Then came cross-examination. When confronted with all the new information, memories, and versions of events that directly contradicted the statements she had made to law enforcement between 2004 and 2009, Charee came down with a terrible case of amnesia. She could not remember anything she told anyone. Quietly asked about obvious changes in her testimony, she completely wilted on the stand. She admitted the unfettered access she gave the defense attorney while being too busy for over a year to meet with us. She described how her new memories and never-disclosed details resulted from conversations with her father and pointed questions from his attorney. Through her, the defense had focused on Kathy’s relationship with Rocky. Again and again the defense mentioned Kathy’s “secret sexual relationship” with him. In actuality, testimony showed that Kathy, months into her separation, had sex twice with Rocky, but the defense portrayed Kathy as an adulteress who abandoned her children. Charee described her new suspicions that Kathy had secret relationships with men, hiding in other rooms of their house for clandestine phone conversations. Charee’s new memories and accusations directly contradicted any information she had ever given law enforcement. If she truly believed her father was innocent, why the need to drastically change her story? It was heartbreaking.
In the end, she went above and beyond for her father. Certainly, no more could have been asked of her.
The jury had to weigh Charee’s testimony against a mountain of circumstantial evidence and a parade of witnesses on Kathy’s behalf. Would they take the time to sift through all the details—the phone records, the bank records, Kathy’s school records, employment records, and the children’s initial account of what happened—and compare it all to Charee’s testimony? Witness after witness had adamantly described a mother that would never abandon her kids. The evidence was overwhelming that Kathy was on the brink of getting the divorce she wanted and walking away with money in her pocket, the ability to support her family, and an opportunity to begin a new life with her kids. The evidence was equally overwhelming that Charles did not want the divorce, was embarrassed that his wife had left him, and was not about to hand over half of his property.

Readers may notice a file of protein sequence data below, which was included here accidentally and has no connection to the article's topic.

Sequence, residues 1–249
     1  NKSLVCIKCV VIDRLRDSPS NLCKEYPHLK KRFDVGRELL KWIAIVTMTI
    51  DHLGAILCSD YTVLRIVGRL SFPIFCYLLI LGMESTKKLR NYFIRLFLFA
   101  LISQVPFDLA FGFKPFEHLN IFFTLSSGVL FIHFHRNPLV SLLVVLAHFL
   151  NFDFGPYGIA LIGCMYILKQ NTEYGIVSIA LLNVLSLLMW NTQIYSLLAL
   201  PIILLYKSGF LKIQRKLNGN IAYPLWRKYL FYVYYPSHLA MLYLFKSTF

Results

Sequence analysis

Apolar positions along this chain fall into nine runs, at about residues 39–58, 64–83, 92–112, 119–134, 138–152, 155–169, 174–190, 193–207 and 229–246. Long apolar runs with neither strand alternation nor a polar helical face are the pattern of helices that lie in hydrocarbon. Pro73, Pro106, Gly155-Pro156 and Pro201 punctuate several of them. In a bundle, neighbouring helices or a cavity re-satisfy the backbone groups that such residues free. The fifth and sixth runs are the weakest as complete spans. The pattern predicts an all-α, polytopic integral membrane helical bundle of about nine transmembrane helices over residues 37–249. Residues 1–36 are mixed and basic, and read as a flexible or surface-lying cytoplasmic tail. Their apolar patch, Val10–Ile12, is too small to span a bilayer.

At the end of the trial we were confident that the evidence was there if the jury chose to analyze it. Regardless of how strong the circumstantial evidence was, however, we still lacked the traditional components of a murder case: blood, forensics, an autopsy, a crime scene, a murder weapon, and, of course, a body.
What should have been a three-week trial had stretched into four weeks as back-to-back ice storms hit Denton County, but finally, the case was in the hands of the jury. In the first few minutes of deliberation, the jury sent out a note requesting the definition of “reasonable doubt.” It would be the only note.
As the hours ticked by, the spectators stayed. The Stobaughs convinced of Charles’ innocence paced the hallways with the other Stobaughs resigned to his guilt. The Mundays attempted to set aside the betrayal of Charee’s testimony. Despite anxiousness about the jury deliberations, the Mundays expressed satisfaction that Kathy had finally gotten her day in court.
After 10 hours, the jury returned with a verdict. The courtroom was packed with members of both families. Ranger Murphree, his wife sitting by his side, had sat at the courthouse those 10 hours awaiting the verdict. When the judge announced, “Guilty,” that tough Ranger looked a bit weak in the knees. Tears flowed freely in the courtroom, on both sides of the aisle. Across the courtroom, Charee and Tommy wept. Though adults, they are also child victims of family violence.
After an emotional plea for leniency from Charee, the jury sentenced Charles to 25 years in prison. The following week, on February 24, 2011, Kathy Stobaugh would have celebrated her 50th birthday. Her children spent that evening visiting Charles at the Denton County Jail.